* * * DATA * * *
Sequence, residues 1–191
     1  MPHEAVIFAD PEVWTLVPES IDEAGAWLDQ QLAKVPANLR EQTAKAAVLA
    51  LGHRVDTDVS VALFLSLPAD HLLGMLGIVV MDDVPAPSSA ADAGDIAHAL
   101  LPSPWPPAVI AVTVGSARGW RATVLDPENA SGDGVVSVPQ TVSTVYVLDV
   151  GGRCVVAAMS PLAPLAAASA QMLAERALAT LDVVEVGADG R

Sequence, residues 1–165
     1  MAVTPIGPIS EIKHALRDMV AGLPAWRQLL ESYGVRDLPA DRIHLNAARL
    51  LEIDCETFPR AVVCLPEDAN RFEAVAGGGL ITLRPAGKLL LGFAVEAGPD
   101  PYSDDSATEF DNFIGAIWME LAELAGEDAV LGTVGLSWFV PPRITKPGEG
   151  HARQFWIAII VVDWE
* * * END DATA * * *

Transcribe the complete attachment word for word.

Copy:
Sequence, residues 1–191
     1  MPHEAVIFAD PEVWTLVPES IDEAGAWLDQ QLAKVPANLR EQTAKAAVLA
    51  LGHRVDTDVS VALFLSLPAD HLLGMLGIVV MDDVPAPSSA ADAGDIAHAL
   101  LPSPWPPAVI AVTVGSARGW RATVLDPENA SGDGVVSVPQ TVSTVYVLDV
   151  GGRCVVAAMS PLAPLAAASA QMLAERALAT LDVVEVGADG R

Sequence, residues 1–165
     1  MAVTPIGPIS EIKHALRDMV AGLPAWRQLL ESYGVRDLPA DRIHLNAARL
    51  LEIDCETFPR AVVCLPEDAN RFEAVAGGGL ITLRPAGKLL LGFAVEAGPD
   101  PYSDDSATEF DNFIGAIWME LAELAGEDAV LGTVGLSWFV PPRITKPGEG
   151  HARQFWIAII VVDWE